Pastors Are Not To Subject God’s People To “Their Laws and To The Works Ordained By Them,” But To God’s Word Alone

Pastors are called to be servants of the flock. The congregation elects pastors. The congregation calls pastors. The congregation ordains pastors. Since this is the case, it certainly sounds as if the pastor is accountable to the will of the congregation, or is he?

Let it be said that the pastor is obviously accountable to the church by the standards laid forth by the Apostle Paul in the Pastoral Epistles. If he fails morally speaking or teaches false doctrine, the church certainly has the authority to remove him. Because this is true, is the pastor solely accountable to parishioners? In other words, where is the location of the pastor’s control center for his ministry? Does the pastor’s control center rest in the opinions and suggestions of the congregation or himself? Actually, the answer is, “neither.”

800px-Russian_ISS_Flight_Control_RoomEugene Klug referencing Martin Luther states, “God’s Word is, therefore, the control center in a pastor’s ministry. Pastors are not to subject God’s people to ‘their laws and to the works ordained by them,’ but to God’s Word alone, and thus ‘be ruled by faith’ in that Word of God.” [1] In other words, the pastor is called to publicly preach, teach and administer the sacraments according to the Word of God on behalf of the congregation and for the congregation in accordance to the church’s constitution and its statement of faith. What this means is that there will be times where the pastor may find himself between a rock and hard place. The congregation may want to have their ears tickled and the pastor may be tempted to do so because of subtle pressures that he feels from the parish. He may be tempted to think, “I am called to serve; I better not upset the hand that feeds me.” However, the pastor can never forget that he is called not solely to be a servant of the congregation but he has also been called to be a servant to the Word of God. In other words, he is called to the Word of God and in light of the church’s confession he is called to ministers to the congregation. Klug, referencing Luther, goes on to say, “Ideally ministers of the Gospel are such who ‘with the grace received from Thee (God) further administer it to others’ and who ‘by expounding the Scriptures labor to bring out the bread of the Word of God, as the farmer brings bread out of the earth by tilling the soil.'”[2]

503227_opinion_page_of_newspaperThe pastor’s control center is not the popular opinions of the parish and it is certainly not the popular trends found within North American Christendom, but his control center is the Word as expressed in the Lutheran Confessions. Pastors stand underneath the scriptures and are formed by the Word. Thus, as pastors proclaim and teach the Scriptures, this truth will penetrate the ears, hearts, worldviews, and epistemological systems of our hearers. The Scriptures will challenge hearers’ behaviors, feelings, worldview and epistemologies because God is actually present and exercising power in His Word in oral, written, and sacramental forms.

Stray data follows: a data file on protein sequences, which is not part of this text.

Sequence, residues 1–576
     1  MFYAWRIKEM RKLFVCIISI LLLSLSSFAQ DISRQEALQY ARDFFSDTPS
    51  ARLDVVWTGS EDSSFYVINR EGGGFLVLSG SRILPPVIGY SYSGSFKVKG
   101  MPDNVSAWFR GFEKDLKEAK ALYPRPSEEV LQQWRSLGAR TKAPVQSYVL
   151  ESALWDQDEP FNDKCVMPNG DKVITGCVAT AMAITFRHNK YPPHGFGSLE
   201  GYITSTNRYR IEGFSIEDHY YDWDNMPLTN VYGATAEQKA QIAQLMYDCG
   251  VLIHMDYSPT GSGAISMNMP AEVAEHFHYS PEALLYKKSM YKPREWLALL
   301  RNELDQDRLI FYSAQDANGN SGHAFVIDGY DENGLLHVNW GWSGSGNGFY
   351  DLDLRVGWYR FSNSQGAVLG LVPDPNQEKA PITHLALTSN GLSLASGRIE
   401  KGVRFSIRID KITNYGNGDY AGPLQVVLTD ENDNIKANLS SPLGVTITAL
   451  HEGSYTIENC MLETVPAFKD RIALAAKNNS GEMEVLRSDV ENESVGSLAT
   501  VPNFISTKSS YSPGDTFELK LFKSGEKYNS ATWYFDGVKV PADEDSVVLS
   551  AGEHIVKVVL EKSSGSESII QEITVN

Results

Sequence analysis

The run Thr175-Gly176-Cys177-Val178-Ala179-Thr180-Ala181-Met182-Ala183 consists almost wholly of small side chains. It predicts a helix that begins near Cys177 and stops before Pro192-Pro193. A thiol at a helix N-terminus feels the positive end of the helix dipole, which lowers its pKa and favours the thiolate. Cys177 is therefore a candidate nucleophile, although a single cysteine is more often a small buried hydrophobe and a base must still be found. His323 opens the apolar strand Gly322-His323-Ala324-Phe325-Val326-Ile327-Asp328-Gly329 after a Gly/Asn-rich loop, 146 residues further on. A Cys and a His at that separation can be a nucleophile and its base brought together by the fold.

On the other hand, parishioners need to be reminded that they continually come to Divine Service to receive the Word and Sacrament as well as to be reformed by the Word. If the church merely gathers together for social or fellowship reasons and the Word is not present, the church is no different than a common rotary club. In a striking statement William Willimon once stated, “’Community,’ untested by any criterion other than our need to huddle in groups, can be demonic.”[3] Therefore, according to Willimon we should not be surprised when, “…modern congregations may express surprise and even offense at hearing the ancient biblical story.”[4] Willimon goes on to share in his book, “Shaped by the Bible,” that it is not the job of a pastor to apologize for the scriptures but to simply be faithful proclaimers of the Word. Appealing to Jesus he states, “The story caused offense when it was first preached in places like Nazareth; we should not be surprised that it continues to offend. In fact, we preachers ought to be troubled when our handling of the Bible never offends!”[5]

In summary, pastors are not to lessen the worldview conflicts, alleviate the epistemological crisis, and/or tickle the ears of the flock, as many pastors in our day and age do. Rather, the calling is to be faithful expositors of truth according to the Word and the church’s confession of faith while at the same time graciously standing by the side of the congregation as they experience small and large worldview conflicts, as well as small and large epistemological crises. Furthermore, the pastor is not to introduce any new knowledge to the congregation, but knowledge that is printed in the Word, historically adopted by the church, and presented in the official statement of faith. Pastors are simply called to be a vessel to proclaim to the Church what the church already has accepted to be true even though at times they may have forgotten it.


[1] Eugene Klug, Church and Ministry: The Role of Church, Pastor, and People from Luther to Walther (Concordia Publishing House, 1993), 188.

[2] Ibid.

[3] William Willimon, Shaped By The Bible (Abingdon Press, 1991), 85.

[4] Willimon, 63.

[5] Ibid.

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